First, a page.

The manual ‘4+3’ (with overdrive on 2/3/4) is robust; ensure overdrive cuts in both automatically and on the gearlever switch. The six-speed ZF is also strong, but beware of clattering from its dual-mass flywheel.
Electrics are the most likely problem area, and Japanese imports can suffer major issues due to being overloaded with extras. Diagnostics are OBD I up to 1995, then OBD II. If buying from the US, get a CARFAX vehicle history report.
Chevrolet Corvette C4 price guide*
- Project: £2000
- Average: £4000
- Show: £10,000
- Project: £2,500
- Average: £7,000
- Show: £15,000
ZR-1, Callaway, GS
- Project: £8000
- Average: £15,000
- Show: £40,000
*Early cars 25% less, late cars 25% more; prices correct at date of original publication
Chevrolet Corvette C4 history
1983 Jan Build begins (MY84**): 205bhp L83
MY85 230bhp L98, tuned port injection
MY86 Convertible added; Pass Key security
MY87 Roller tappets, 240bhp; B2K Callaway Twin-Turbo option (c500 converted to 1991)
MY88 Softened suspension
MY89 ZF six-speed manual replaces ‘4+3’
1989 Mar ZR-1 added, with 375bhp LT5V8
MY90 245bhp; driver’s airbag standard
MY91 Facelift: restyled exterior and interior
MY92 300bhp LT1; traction control standard
MY93 Keyless entry; ZR-1 up to 405bhp
MY95 Minor restyle; ZR-1 dropped
MY96 Grand Sport (GS): 330bhp LT4 engine, blue/white stripes, special trim (1000 built)
1996 Jun Last C4 produced
**US model year commences in October of the previous year
The owner’s view
Serial Corvette fan Mick Howes got the bug after seeing a C3 drive past when on an army exchange tour in El Paso, Texas, and bought one on leaving the forces in 1998, clocking up 150k miles in 15 years.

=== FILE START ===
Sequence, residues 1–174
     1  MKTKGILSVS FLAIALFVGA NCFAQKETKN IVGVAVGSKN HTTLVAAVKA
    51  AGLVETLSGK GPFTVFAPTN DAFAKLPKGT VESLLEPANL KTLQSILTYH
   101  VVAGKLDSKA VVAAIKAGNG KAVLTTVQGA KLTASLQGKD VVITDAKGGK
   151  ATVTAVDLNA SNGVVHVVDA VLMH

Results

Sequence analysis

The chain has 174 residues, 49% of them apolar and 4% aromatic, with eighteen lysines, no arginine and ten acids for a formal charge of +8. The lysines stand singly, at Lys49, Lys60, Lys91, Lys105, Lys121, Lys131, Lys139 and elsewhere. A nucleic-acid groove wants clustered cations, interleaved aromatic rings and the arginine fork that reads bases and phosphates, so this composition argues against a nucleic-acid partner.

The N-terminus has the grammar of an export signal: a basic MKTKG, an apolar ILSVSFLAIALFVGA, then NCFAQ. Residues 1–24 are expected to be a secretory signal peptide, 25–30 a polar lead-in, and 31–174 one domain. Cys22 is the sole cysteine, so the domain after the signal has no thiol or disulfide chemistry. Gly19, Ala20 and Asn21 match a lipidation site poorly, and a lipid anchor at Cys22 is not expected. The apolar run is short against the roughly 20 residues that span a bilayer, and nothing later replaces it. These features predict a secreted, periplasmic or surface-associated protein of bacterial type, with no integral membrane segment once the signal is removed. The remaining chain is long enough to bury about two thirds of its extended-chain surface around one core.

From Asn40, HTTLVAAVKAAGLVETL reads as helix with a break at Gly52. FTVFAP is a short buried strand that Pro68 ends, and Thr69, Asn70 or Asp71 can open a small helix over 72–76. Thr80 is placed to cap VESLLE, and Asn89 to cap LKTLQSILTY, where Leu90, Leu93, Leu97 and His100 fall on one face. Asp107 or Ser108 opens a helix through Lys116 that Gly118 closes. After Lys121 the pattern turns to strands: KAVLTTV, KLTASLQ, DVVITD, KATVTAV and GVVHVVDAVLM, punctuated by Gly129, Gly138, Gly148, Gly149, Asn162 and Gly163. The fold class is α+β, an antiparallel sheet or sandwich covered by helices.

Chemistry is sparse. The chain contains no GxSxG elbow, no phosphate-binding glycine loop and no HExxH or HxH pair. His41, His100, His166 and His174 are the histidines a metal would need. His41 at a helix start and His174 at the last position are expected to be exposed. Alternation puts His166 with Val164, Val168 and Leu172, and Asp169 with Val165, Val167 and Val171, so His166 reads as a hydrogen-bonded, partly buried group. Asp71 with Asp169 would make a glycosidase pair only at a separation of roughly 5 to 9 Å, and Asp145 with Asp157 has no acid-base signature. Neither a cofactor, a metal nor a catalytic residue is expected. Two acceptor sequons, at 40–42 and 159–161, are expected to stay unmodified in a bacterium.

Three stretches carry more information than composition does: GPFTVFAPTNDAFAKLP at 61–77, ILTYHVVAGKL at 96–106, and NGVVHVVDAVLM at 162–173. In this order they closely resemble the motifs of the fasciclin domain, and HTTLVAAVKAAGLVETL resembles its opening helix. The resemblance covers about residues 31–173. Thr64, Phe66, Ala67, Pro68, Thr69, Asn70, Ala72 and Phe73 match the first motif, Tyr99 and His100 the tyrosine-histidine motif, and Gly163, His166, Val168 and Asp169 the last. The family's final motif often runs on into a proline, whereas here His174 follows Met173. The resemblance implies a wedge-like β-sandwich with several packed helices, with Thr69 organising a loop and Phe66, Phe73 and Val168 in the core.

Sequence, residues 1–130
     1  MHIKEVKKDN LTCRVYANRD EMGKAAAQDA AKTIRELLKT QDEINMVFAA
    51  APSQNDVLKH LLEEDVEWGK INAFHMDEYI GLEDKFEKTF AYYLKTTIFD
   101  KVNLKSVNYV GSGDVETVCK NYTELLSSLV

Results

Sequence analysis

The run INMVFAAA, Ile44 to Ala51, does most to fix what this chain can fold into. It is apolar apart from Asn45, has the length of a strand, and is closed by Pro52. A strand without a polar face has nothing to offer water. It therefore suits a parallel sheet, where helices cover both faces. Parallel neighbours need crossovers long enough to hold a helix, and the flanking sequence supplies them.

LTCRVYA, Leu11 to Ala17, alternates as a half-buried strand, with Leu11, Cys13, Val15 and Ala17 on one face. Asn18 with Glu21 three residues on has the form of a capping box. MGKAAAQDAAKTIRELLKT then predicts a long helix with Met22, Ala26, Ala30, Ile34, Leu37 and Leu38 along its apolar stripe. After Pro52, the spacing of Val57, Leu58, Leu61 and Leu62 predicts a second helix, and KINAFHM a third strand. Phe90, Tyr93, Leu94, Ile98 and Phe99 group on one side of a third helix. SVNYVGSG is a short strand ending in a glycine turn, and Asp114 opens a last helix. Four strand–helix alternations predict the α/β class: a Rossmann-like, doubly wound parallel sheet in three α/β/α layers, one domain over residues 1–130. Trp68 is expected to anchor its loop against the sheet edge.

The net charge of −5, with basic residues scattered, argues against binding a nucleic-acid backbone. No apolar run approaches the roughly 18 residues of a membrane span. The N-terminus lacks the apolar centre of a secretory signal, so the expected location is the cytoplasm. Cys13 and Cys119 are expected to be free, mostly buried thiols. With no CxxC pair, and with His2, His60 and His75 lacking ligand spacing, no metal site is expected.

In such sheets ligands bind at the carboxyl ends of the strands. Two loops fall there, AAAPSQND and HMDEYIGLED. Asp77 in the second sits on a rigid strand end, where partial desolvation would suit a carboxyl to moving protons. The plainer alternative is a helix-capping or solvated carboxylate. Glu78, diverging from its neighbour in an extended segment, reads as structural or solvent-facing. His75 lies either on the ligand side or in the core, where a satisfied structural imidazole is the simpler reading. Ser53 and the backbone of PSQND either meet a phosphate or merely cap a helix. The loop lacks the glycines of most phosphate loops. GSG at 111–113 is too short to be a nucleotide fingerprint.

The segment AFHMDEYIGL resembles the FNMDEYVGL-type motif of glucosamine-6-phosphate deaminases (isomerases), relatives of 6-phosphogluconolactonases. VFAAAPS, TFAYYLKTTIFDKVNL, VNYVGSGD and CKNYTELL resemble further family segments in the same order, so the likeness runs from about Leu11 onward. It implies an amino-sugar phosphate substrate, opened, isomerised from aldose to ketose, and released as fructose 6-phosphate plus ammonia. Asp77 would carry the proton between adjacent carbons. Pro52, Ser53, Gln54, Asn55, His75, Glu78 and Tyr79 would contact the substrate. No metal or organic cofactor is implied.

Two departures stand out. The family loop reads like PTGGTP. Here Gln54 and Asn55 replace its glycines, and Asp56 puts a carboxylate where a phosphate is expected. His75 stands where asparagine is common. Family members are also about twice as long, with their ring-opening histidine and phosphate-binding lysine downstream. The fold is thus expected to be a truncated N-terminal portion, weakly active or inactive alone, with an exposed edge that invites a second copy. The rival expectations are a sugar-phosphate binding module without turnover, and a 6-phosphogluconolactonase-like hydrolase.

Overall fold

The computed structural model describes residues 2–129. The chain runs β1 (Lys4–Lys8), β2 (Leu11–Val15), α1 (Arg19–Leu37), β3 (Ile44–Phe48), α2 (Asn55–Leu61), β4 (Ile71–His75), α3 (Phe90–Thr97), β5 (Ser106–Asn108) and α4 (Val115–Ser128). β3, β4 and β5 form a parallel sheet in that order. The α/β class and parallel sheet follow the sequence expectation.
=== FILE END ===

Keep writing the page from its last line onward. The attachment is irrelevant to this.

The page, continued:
He replaced it with a 1992 C4, but sold that when expensive computer issues loomed, replacing it with this 1995 coupe. His only car, it has covered 17,000 miles in three years.
“I couldn’t believe how much better the C4 is than the C3,” he says. “My first C4 was lots of trouble, but I’ve fallen in love with this one. It lives outside but it won’t rust.
“It’s so sleek, there’s something special about it – it has the family line. The clamshell bonnet makes it so easy to get to everything and I love the yellow, which is the Corvette racing team’s colour. It’s also incredibly economical: I get 20mpg locally, but have seen 34mpg on long runs.”
PORSCHE 911 CARRERA 3.2/964
Powerful flat-six in coupé, targa and cabrio bodies. Rewarding to drive, but prone to rust despite galvanising, and oil leaks that lead to an engine rebuild.
Sold 1983-’93 • No. built c77,000 • Price now £25-80,000***
Loud, dramatic and with a glassfibre body on a (rust-prone) steel chassis, the ‘wedge’ TVRs are not for the shy and retiring. Big fun, but a bad one is a money pit.
Sold 1983-’91 • No. built 2618 (including V6s) • Price now £4-25,000***
***Prices correct at date of original publication
Chevrolet Corvette C4: the Classic & Sports Car verdict
The C4 Corvette is a classic sleeper that can offer close to supercar performance for far, far less than traditional supercar prices – and can be a durable, reliable and inexpensive car to run as well.
That’s if you buy a good one, of course – neglected Corvettes can still suffer from some costly issues, while rare and desirable models are already becoming a lot more expensive to buy than run-of-the-mill examples.
- Late is best for performance and reliability, but all C4s offer a lot for the money
- Parts are generally inexpensive
- Good club back-up
- Surprising economy make these great all-rounders
- Neglect due to low values
- Costly electronic gremlins
- Poor paintwork can be expensive to rectify
Chevrolet Corvette C4 specifications
- Sold/number built 1983-’96/358,180 (inc 6939 ZR-1s)
- Construction galvanised steel chassis, bulkhead and floor, glassfibre body
- Engine iron-block, alloy-head (from ’86) ohv (or all-alloy, dohc) 5735cc V8, electronic fuel injection
- Max power 205bhp @ 4300rpm to 405bhp @ 5800rpm
- Max torque 290lb ft @ 2800rpm to 385lb ft @ 5200rpm
- Transmission four-speed manual overdrive (six-speed from ’88) or four-speed auto, RWD
- Suspension independent, at front by double wishbones rear twin trailing arms, lower transverse links, adjustable tie-rods, fixed-length driveshafts; glassfibre transverse spring, telescopic dampers, anti-roll bar f/r
- Steering power-assisted rack and pinion
- Brakes 11½-13in (292-330mm) vented discs, with servo
- Length 14ft 8½-10½in (4483-4534mm)
- Width 5ft 10½in-6ft 1in (1796-1859mm)
- Height 3ft 10½-11in (1179-1201mm)
- Wheelbase 8ft (2443mm)
- Weight 3234-3503lb (1467-1589kg)
- 0-60mph 7-4.7 secs
- Top speed 139-181mph
- Mpg 15-30
- Price new c£26,000 (1984)